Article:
He has since become a consummate transit industry insider. As he was rising through the executive ranks at MBTA, he felt he wanted a broader view of the industry — financial, regulatory, policymaking — than a single agency could provide. He took a job as vice president of operations at the main transit industry group, the American Public Transportation Association (APTA), which connected him with a network of transit professionals around the country. He met his wife, Kimberley Sweeney, on a subway to a Red Sox game.
By all accounts, Clarke is a genuine lover of public transit, and riding the Metro on a near-daily basis has helped build his reputation, and Metro’s, in the region. WMATA board members say his knowledge of D.C.’s transit system blew the other candidates out of the water. Clarke had lived in the city during his time at APTA, but it was also clear that he’d studied before the interview, says Matt Letourneau, a WMATA board member and Loudoun County supervisor in Northern Virginia.
One recent day, Beth Osborne, director of the advocacy group Transportation for America, happened to be leaving an event where Clarke was speaking and both got on the train going the same direction. They got to talking, and suddenly the train came to a halt in the middle of a tunnel. It’s a fairly routine experience for transit riders, but Osborne says Clarke was immediately on the phone with operations trying to figure out what the disruption was. He’s also tried to focus on improving the details of the transit experience: working escalators, functional speakers, clean platforms.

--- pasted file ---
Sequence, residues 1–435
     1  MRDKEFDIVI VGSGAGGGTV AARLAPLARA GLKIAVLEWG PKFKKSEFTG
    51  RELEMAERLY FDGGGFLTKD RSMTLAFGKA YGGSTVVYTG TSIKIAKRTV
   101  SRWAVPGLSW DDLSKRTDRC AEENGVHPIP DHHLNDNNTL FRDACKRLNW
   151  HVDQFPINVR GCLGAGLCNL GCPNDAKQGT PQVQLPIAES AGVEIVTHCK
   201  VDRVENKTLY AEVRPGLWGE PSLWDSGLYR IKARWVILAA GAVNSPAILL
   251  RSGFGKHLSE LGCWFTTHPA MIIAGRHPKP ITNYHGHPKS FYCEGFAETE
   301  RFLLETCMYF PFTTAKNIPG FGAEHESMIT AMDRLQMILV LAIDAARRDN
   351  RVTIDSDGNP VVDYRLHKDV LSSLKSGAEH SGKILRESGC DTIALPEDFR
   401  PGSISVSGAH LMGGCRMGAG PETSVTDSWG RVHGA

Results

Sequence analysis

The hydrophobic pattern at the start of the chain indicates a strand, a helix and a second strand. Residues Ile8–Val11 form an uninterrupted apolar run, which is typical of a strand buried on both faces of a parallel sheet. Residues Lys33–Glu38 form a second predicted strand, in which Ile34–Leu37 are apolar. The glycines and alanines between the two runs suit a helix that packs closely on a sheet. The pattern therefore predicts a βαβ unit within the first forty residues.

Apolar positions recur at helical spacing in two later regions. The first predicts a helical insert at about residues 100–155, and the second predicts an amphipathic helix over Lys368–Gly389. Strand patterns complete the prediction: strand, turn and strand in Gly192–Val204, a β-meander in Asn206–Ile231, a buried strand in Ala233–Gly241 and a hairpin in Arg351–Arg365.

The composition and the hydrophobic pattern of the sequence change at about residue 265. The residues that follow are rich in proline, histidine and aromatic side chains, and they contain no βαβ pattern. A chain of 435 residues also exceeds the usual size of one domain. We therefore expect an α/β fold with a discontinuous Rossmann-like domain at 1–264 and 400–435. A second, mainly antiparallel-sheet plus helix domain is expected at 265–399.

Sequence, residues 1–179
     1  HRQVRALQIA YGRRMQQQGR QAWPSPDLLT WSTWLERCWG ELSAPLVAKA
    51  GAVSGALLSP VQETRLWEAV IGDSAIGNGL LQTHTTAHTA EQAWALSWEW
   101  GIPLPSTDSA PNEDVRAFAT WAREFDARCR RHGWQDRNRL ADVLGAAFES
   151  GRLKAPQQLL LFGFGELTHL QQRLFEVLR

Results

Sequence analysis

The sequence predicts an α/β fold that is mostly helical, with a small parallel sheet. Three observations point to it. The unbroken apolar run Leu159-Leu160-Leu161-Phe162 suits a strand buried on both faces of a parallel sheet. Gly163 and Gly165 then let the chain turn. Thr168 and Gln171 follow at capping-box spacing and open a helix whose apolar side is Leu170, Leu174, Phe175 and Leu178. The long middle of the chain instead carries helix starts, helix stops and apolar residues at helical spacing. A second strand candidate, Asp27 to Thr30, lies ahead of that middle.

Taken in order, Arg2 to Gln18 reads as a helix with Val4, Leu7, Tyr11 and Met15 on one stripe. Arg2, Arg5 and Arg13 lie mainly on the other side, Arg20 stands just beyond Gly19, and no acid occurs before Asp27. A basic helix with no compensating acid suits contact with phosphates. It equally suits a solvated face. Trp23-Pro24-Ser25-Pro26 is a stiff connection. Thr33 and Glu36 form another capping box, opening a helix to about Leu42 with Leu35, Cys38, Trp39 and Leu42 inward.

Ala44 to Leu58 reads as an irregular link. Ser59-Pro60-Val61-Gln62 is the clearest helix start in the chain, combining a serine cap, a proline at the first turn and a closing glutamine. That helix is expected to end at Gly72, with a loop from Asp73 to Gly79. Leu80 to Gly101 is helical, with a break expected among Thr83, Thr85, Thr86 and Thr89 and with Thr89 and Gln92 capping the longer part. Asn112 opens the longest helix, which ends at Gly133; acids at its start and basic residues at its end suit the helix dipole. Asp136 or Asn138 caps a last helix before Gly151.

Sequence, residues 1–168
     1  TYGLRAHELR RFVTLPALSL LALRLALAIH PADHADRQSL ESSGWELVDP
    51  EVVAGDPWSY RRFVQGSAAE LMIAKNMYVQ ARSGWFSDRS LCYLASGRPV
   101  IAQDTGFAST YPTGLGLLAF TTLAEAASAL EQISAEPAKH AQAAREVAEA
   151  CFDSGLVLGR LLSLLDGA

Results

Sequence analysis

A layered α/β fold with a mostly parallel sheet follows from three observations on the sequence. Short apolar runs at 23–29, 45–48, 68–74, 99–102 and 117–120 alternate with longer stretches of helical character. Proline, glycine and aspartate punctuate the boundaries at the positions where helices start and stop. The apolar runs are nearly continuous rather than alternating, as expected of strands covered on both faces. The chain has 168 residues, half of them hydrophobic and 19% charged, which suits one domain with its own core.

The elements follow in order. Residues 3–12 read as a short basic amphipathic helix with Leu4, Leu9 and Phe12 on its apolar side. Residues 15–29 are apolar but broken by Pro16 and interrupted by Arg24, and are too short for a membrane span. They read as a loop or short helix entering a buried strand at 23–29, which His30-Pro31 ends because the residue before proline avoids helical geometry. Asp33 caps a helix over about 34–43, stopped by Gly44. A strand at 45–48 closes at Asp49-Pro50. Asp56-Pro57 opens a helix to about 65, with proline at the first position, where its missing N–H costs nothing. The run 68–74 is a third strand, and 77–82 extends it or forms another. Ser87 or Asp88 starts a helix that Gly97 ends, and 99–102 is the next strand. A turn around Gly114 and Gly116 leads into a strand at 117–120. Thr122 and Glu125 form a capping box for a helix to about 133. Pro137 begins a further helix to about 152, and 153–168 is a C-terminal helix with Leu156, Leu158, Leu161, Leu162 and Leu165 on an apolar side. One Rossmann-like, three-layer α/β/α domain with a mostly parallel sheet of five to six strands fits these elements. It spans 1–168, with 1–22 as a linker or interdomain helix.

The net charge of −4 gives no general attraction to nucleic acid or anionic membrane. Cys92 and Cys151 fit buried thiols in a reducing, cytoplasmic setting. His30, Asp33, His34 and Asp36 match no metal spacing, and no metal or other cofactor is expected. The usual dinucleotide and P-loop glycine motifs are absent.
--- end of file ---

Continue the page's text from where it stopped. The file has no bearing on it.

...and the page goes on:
“I don’t think you can truly understand those issues if you’re not a rider,” Osborne says.
Big Investments in Texas
In 2018, Clarke was recruited to be CEO of CapMetro in Austin, a comparatively small transit system with 83 bus routes and just one, lightly used commuter rail line. Part of the charge was to help win a big public investment in transit expansion at the ballot box, something that Austinites had rejected twice in previous years. Austin is “a city that held on to the small-town mentality a little too long,” says Steve Adler, the former mayor. But it has begun to rethink its identity over the last decade, as the metro population has exploded, downtown development has boomed and tech companies have migrated from Silicon Valley.